Yandle decides to suit up with Moncton

By Jeff Dahlia

As the summer ends, so will one small chapter in defenseman Keith Yandle’s young hockey career — playing high school hockey.

The next chapter was uncertain until recently, but started to take shape when the Phoenix Coyotes selected him in the fourth round in the 2005 NHL Entry Draft.

Yandle could have entered the 2004 draft the year before, but he chose not to opt in. Many scouts and independent ranking services questioned the move at the time, since it was a considered a weak draft for defensemen. But Yandle was confident with the decision.

“Everyone gave me their input, and I appreciated it,” Yandle stated about the all the advice he got. “When it came down to it, my agent, my immediate family and I decided it was better to wait it out a year and return to Cushing [Academy].”

Staying out a year put things in better perspective for the talented offensive-defenseman.

“I decided not to go into the draft, but I watched some of my teammates get selected,” he recalled about the 2004 draft. “That really encouraged me to work even harder this past season. Everything eventually worked out, because I came into this draft, the Coyotes selected me and I couldn’t be happier.


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“I’m happy where I went. To be associated with Phoenix is a big plus. I think this is an ideal situation for me to develop, and one day become a pro player in the NHL. When it comes down to it, I wasn’t worried that I got passed over by a particular team or didn’t go in an earlier round.”

Time and others’ second-guessing hasn’t hindered Yandle. He attended the U.S. Evaluation Camp for the 2006 World Junior team and heading into the 2005-06 season, he was still as coveted as he was a summer ago. Most importantly, the Boston area native still had options.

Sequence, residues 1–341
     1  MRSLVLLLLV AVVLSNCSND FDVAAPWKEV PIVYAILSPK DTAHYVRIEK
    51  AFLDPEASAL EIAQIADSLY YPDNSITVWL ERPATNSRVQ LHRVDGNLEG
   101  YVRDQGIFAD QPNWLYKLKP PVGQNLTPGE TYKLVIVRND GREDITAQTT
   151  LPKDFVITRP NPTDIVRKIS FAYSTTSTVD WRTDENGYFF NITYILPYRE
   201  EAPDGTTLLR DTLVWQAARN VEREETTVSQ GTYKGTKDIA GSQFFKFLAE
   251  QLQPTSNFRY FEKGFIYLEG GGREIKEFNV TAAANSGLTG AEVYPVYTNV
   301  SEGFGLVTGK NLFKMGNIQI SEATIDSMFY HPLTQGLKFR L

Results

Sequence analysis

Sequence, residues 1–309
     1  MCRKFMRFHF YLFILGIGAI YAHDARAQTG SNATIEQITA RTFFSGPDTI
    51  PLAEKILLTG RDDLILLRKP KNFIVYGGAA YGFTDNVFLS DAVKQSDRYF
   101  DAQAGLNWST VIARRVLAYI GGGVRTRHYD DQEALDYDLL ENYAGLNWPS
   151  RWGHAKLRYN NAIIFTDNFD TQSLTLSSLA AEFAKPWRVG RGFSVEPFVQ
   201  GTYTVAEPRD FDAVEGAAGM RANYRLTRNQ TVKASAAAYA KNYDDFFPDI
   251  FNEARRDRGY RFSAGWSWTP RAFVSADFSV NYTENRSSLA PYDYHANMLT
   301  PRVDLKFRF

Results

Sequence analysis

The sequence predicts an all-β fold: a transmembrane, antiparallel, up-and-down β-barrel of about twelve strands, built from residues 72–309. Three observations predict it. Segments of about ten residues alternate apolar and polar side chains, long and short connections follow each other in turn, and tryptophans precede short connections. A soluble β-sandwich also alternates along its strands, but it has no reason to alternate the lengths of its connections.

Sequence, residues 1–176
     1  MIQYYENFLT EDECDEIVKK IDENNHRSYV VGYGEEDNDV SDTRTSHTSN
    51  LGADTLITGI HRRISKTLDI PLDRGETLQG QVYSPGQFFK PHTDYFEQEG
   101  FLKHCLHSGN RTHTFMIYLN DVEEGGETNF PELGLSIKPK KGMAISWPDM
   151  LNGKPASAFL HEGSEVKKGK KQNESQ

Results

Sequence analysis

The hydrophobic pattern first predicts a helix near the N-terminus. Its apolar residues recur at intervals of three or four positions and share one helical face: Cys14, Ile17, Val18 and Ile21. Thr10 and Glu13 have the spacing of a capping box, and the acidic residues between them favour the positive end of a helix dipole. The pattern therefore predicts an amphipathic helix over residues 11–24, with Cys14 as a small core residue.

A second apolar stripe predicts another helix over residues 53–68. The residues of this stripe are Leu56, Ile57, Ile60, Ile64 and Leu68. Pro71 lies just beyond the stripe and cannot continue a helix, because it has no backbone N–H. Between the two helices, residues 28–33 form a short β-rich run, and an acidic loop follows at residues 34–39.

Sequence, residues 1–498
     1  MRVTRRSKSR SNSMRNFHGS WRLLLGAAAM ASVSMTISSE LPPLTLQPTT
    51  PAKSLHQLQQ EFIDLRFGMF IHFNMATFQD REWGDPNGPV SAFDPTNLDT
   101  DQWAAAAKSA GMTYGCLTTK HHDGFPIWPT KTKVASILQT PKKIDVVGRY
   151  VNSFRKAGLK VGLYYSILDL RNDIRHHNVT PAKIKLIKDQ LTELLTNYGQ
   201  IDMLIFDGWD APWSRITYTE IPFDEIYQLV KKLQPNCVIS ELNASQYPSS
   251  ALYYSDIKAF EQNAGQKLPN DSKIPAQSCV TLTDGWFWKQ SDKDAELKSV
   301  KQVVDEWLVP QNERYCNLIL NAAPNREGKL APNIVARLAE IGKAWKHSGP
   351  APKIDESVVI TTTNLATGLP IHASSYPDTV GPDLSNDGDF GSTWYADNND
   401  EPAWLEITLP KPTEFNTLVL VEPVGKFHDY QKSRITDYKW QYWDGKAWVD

He could have gone to the University of New Hampshire and play for and great program and with his older brother Brian. The University of Maine wasn’t that far away, and the young Black Bears squad wanted a defenseman with his talent.

His options got even more intriguing. Yandle had his QMJHL rights traded from Olympiques to the Moncton Wildcats and the calls started to come. New General Manager and head coach Ted Nolan started to sell the Cats and the “Q” to Yandle.

He did some soul searching while he was at the U.S. Evaluation Camp in Lake Placid. When the tournament ended, so did the suspense. Yandle passed on the college route and decided to take Nolan up on the offer.

“After I came back from World Junior tryouts with Team USA, I went over all my options again,” Yandle described. “Looking at my hockey career, and the development picture, I decided that Moncton was the best place for me to grow.

“Having coach Nolan along with his staff is just best opportunity for me and my development as a player,” Yandle explained. “The entire coaching staff knows so much about the game. Most of all, it’s going to be a great opportunity to represent Moncton this year because they are also hosting the Memorial Cup.”

There’s a lot of conviction in Yandle’s voice. He’s a confident young man on a path. He’s content with the decisions he has made.

“I’m going to go in there, play my game and listen to the coaches,” Yandle said. “I’m going to keep it simple and stick to the basics.”

Some would say some of the early indecisiveness led to much of the scrutiny over the last two years. Yandle won’t debate it with you. Instead, he’s going to get on the ice with Moncton and do his talking there.




Copyright 2005 Hockey’s Future. Do not reprint or duplicate without permission of the editorial staff.